This week, the U.S. Supreme Court issued a 5-4 decision in upholding the Board of Immigration Appeals’ restrictive interpretation of the Child Status Protection Act (CSPA). In Scialabba v. Vuellar de Osario, the Court addressed the issue involving immigrant (permanent) petitions on behalf of individuals with dependent children who age out – that is, turn 21 – during the pendency of the petition.
U.S. immigration law allows citizens and lawful U.S. permanent residents to file petitions for immigrant (permanent) visas for qualifying family members, such as spouses, siblings, and children of varying ages – from minors to adults. The individual being sponsored is referred to as a principal beneficiary of the petition; the principal’s spouse, minor child or children (an unmarried child under 21 years of age) are referenced as derivative beneficiaries. Generally, derivative beneficiaries are entitled to have the same immigrant status, in the same order as that granted to the primary beneficiary. The CSPA provides several provisions to protect minor derivative beneficiaries from losing their eligibility for immigrant status as they age while waiting for available visa numbers. This Act enables the freezing of a derivative’s age below 21; converting a petition from one category to another without the need to file a new petition, and the retention of one’s priority date – a place in line for permanent residence – assigned to the initial petition of which the aged-out child was unable to take advantage.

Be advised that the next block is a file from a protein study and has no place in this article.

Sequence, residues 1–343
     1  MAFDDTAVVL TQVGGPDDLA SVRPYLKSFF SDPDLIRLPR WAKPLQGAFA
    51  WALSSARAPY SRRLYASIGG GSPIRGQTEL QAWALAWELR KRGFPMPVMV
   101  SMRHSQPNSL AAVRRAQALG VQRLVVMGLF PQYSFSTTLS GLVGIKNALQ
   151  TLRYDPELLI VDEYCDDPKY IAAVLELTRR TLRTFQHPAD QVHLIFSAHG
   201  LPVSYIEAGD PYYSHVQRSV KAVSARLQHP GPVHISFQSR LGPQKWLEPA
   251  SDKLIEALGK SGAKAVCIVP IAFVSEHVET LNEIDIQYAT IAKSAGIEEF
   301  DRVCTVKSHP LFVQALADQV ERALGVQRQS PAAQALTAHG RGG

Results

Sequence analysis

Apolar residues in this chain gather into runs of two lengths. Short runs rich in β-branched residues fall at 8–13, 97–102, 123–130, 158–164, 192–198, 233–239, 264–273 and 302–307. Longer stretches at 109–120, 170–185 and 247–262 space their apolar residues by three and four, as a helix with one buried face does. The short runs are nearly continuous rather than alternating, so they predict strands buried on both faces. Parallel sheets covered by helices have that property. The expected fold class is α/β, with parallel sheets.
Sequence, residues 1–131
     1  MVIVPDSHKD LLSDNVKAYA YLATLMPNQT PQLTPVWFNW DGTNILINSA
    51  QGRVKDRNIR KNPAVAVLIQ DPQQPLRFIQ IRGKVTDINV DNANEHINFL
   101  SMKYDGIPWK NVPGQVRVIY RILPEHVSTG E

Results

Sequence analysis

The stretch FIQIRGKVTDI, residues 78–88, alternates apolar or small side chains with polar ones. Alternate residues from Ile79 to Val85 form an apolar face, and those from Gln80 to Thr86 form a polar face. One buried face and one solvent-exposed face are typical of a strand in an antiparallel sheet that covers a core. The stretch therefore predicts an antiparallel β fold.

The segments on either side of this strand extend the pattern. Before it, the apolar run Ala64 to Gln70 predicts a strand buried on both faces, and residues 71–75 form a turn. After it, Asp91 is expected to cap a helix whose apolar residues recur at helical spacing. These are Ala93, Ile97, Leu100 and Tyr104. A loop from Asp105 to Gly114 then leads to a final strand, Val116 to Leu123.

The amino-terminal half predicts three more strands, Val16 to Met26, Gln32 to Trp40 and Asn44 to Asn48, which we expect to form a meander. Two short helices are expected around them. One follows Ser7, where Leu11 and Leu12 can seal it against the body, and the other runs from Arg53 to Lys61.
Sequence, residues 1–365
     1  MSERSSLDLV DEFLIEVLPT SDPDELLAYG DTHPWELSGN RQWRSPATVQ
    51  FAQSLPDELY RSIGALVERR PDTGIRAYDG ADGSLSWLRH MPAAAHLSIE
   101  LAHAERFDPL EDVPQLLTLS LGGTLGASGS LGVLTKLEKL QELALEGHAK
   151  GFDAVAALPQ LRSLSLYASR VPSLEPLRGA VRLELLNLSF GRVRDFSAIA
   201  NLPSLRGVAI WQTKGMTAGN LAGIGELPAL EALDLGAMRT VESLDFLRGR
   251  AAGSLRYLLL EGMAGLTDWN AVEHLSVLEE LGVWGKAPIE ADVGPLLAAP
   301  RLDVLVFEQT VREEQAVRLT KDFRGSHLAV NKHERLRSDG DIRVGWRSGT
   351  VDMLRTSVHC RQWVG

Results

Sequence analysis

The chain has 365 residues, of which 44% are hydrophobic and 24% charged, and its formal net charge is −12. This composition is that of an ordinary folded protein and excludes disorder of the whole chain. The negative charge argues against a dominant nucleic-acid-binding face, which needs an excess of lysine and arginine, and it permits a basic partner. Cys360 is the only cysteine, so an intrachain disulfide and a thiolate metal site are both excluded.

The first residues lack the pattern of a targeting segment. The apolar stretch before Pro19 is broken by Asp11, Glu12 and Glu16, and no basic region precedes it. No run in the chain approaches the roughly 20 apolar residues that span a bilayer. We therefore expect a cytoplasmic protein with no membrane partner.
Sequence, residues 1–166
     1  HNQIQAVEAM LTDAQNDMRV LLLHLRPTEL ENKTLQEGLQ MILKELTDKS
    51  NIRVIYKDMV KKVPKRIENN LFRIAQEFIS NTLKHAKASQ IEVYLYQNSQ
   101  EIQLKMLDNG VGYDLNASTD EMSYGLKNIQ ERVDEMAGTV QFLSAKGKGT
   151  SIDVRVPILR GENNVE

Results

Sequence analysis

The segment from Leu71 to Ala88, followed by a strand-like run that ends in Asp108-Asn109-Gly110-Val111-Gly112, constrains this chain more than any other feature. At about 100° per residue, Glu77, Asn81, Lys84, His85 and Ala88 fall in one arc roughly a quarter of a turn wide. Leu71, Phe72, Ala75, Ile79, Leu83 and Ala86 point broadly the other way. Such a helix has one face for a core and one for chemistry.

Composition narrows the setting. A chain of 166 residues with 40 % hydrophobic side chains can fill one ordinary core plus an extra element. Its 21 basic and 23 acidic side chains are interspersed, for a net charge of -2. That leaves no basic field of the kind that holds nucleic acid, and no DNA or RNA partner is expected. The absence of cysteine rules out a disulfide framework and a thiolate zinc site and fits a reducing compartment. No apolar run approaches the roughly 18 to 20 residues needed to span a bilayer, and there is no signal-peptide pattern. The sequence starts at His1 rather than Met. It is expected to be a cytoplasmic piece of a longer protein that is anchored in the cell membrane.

In Scialabba, the Court analyzed a scenario where the derivative beneficiaries turned 21 and thus aged out well before the principal beneficiaries became permanent residents as a result of immigrant petitions filed on their behalf. The foreign nationals argued that the CSPA allowed all minor derivative beneficiaries who age out prior to the time the principal beneficiary’s becoming a permanent resident to take advantage of the priority date assigned to the initial petition. The Court adopted the Board of Immigration Appeals’ restrictive interpretation that the CSPA allows priority date retention only to derivative beneficiaries who, due to aging out, are moved from the family-based category for spouses and unmarried minor children of permanent residents to another family-based category for unmarried adult sons and daughters of permanent residents. Other derivative beneficiaries, including those in employment-based immigrant petitions, cannot take advantage of priority date retention.
Importantly, this does not affect the other ways in which CSPA offers protections for derivative beneficiaries, particularly in cases of employment-based immigrant petitions. Specifically, the derivative children in cases of employment-based petitions will still be able to take advantage of the freezing of their age to remain the same as at the time of the filing of the petition, thus preventing aging out, where the applicable requirements of the CSPA are otherwise satisfied. As such, this decision does not impact CSPA’s application to employment-based petitions. Please contact your Greenberg Traurig attorney to find out whether the Supreme Court decision in Scialabba v. Vuellar de Osario has affected your ability to obtain permanent residence.